On the 12th October, almost three hundred people joined ELoH and comedy pianist Alex Ainley for a fantastic evening of classical piano music interspersed with hilarious stand-up routines that had everyone laughing in their seats.
BBC Radio 2’s Jeremy Vine opened the evening with a rousing speech, explaining that his experience as a BBC Africa correspondent had brought him into contact with many child amputees, particularly in Sierra Leone, giving him first-hand knowledge of the importance of our work. He said he was delighted to have been asked to open the concert, and he read out a letter of support from Simon Eccles, Pollyanna’s surgeon and one of ELoH’s Patrons, who couldn’t be there but wanted the audience to know the deep impact his involvement with Pollyanna, and the Hope family, has had on him.
Our wonderful guests donated generously, and participated in our raffle and silent auction. The lucky winners took away prizes ranging from Tea in the House of Commons to theatre tickets and a bottle of Whiskey signed by Prime Minister David Cameron.
In the end, we raised an incredible £6,200 – three times as much as last year – which will go towards our current project in Sierra Leone, where we are supporting 100 vulnerable amputee children until they reach adulthood.
Our project aims to provide both medical support, such as covering the costs for prosthetic devices and much needed surgeries, and to address the wider circumstances faced by amputee children by providing educational support, counselling and business support to families so as to enable them to pay school fees in the longer run.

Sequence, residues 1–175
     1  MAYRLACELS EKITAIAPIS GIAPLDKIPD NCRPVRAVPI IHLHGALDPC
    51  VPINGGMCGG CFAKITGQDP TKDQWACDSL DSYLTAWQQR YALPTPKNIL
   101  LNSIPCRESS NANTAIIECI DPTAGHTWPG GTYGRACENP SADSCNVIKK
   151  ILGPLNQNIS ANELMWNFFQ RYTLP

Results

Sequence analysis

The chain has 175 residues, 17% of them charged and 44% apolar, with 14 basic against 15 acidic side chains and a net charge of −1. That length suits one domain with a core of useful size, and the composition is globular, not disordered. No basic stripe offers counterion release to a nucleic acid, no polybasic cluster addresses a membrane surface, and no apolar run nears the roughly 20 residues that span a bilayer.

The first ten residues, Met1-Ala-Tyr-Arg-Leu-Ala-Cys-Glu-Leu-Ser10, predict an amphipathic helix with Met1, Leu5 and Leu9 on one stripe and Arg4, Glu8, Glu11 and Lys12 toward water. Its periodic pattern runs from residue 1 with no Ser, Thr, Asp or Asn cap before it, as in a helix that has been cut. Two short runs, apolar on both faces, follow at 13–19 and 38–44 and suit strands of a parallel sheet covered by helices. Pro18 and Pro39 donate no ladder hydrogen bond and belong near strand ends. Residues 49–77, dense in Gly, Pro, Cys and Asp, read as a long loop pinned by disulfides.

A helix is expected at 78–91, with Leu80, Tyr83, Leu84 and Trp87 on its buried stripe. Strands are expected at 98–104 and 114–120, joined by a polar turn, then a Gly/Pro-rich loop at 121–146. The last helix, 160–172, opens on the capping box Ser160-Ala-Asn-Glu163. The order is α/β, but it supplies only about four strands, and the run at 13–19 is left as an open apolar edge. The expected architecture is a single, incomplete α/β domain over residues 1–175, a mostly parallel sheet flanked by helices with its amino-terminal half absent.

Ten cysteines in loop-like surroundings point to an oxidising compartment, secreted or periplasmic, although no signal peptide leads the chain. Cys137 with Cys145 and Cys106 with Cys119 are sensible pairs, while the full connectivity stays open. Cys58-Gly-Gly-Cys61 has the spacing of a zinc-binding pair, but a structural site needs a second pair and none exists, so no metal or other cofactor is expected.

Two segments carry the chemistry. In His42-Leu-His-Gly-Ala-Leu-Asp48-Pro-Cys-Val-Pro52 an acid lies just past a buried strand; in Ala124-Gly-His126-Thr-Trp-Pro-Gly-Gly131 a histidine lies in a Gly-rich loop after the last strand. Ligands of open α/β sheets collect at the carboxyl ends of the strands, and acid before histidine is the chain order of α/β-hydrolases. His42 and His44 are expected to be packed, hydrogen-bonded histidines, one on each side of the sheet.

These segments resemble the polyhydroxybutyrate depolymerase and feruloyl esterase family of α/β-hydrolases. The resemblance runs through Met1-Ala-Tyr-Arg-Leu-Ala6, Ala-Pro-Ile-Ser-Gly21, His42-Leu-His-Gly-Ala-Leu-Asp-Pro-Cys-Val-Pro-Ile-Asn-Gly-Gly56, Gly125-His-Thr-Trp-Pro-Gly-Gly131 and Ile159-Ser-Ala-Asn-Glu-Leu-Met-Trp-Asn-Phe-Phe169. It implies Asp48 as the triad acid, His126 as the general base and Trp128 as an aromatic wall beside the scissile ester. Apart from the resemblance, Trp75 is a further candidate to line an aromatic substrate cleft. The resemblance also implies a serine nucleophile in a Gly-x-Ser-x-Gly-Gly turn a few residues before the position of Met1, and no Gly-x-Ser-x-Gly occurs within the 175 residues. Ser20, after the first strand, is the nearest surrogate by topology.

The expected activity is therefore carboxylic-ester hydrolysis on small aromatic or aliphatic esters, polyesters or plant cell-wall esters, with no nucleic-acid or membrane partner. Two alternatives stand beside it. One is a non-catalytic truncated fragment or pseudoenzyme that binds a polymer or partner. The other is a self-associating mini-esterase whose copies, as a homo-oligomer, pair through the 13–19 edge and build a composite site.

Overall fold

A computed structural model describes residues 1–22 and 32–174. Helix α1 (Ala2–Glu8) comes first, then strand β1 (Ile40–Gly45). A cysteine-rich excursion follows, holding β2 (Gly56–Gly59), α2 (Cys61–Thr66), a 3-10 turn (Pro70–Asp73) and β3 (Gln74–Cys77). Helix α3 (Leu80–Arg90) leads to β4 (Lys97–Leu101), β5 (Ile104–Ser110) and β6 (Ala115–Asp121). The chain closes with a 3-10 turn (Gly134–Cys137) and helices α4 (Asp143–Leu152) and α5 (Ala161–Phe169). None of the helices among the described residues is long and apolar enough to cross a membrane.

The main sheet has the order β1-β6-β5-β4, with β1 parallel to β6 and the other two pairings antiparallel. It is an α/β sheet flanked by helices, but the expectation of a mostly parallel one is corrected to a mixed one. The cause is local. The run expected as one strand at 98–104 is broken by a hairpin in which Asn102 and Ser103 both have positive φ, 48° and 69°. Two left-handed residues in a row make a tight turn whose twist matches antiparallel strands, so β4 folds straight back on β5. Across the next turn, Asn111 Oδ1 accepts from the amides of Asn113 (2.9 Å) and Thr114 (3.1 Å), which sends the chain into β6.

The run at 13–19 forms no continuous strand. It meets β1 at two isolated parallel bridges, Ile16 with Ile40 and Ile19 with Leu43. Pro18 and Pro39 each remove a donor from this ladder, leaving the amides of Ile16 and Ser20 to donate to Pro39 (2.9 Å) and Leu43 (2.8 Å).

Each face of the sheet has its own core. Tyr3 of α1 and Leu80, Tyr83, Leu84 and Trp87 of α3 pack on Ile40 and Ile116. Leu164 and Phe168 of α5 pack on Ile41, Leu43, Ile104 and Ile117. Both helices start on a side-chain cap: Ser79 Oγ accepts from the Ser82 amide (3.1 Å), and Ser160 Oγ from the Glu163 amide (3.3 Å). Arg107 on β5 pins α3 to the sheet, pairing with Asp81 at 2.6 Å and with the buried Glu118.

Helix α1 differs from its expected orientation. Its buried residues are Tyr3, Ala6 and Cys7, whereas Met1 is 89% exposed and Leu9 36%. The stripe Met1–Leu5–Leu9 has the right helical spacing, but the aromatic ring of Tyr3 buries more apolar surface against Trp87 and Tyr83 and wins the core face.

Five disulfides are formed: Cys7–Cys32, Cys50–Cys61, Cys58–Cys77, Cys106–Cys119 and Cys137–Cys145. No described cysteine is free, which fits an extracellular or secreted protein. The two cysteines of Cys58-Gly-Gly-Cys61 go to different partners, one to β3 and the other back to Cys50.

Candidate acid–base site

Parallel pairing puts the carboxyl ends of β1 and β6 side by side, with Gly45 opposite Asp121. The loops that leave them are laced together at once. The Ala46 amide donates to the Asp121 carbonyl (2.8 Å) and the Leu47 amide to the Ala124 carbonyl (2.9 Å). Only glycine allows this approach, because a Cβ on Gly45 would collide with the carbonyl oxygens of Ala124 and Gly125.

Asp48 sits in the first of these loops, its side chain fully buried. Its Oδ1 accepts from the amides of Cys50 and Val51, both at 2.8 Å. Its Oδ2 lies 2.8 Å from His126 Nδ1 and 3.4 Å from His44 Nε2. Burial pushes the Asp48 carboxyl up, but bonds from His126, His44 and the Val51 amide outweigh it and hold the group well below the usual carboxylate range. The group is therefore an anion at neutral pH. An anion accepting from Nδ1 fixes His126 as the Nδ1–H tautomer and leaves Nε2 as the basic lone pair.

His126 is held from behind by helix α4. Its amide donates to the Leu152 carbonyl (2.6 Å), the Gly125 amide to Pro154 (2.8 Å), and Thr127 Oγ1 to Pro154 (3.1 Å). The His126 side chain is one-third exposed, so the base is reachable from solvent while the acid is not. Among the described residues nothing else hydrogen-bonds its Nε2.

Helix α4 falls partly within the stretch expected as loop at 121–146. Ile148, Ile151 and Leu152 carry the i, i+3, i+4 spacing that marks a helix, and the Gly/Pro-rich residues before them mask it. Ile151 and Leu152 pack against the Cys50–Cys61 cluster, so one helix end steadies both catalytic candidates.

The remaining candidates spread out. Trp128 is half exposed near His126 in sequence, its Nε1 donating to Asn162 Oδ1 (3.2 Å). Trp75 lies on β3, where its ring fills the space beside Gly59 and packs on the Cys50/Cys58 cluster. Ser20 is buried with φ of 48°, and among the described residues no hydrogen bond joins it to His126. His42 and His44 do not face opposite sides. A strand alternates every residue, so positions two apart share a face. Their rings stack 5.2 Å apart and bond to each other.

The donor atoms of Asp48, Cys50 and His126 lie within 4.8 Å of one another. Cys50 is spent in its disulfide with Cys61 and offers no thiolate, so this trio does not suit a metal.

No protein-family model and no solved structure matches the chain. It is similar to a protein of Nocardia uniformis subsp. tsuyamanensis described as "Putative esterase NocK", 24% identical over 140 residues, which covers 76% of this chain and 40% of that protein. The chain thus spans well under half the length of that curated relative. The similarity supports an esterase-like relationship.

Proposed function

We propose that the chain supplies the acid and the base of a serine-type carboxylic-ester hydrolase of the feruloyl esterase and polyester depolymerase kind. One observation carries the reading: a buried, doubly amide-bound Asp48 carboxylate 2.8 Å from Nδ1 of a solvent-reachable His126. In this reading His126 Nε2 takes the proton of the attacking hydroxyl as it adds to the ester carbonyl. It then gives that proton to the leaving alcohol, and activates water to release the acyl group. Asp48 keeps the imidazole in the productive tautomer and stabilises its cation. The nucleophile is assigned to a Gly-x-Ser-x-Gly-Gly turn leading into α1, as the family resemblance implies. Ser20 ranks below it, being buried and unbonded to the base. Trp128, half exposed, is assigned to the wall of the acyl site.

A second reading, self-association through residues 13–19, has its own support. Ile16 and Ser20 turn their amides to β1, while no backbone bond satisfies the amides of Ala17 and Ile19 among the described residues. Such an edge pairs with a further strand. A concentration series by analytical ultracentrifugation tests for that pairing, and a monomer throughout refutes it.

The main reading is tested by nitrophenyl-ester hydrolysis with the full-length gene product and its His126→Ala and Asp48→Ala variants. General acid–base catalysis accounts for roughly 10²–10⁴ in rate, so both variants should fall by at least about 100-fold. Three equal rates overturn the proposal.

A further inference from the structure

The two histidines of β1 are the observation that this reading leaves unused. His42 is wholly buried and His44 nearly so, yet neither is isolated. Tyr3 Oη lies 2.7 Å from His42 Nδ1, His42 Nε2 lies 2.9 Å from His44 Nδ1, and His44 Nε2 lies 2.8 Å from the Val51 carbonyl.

In just 15 months we have already seen huge progress: 97 of the 100 children are enrolled in school, 34 have received prostheses and are being trained in how to use them and 48 are currently being fitted or receiving surgery in advance of their prostheses. Also, all beneficiaries’ families are receiving business support and the pride and excitement associated with going to school and being able to walk again, just like any other child, shines through in every child. Hanna’s story is just one of many.
The money we have raised in Barnes will go towards building on the fantastic progress that has been made over the last 15 months. Besides continuing to support our initial beneficiaries, we are extending our support to another 50 vulnerable amputees in 2014. The costs for providing one child with a new prosthetic, an education for a year, and business support for their family costs £500 a year, which means that in a single evening, we have raised enough money to support 12 children for 2014.
This truly incredible achievement would never have been possible without the generous donations and support of everyone who attended, without all of those who organised and promoted the event, those who helped out on the evening – behind the bar, as ushers on doors, as raffle ticket sellers – and without the wonderful Alex Ainley who gave his time and talent to help us help amputee children.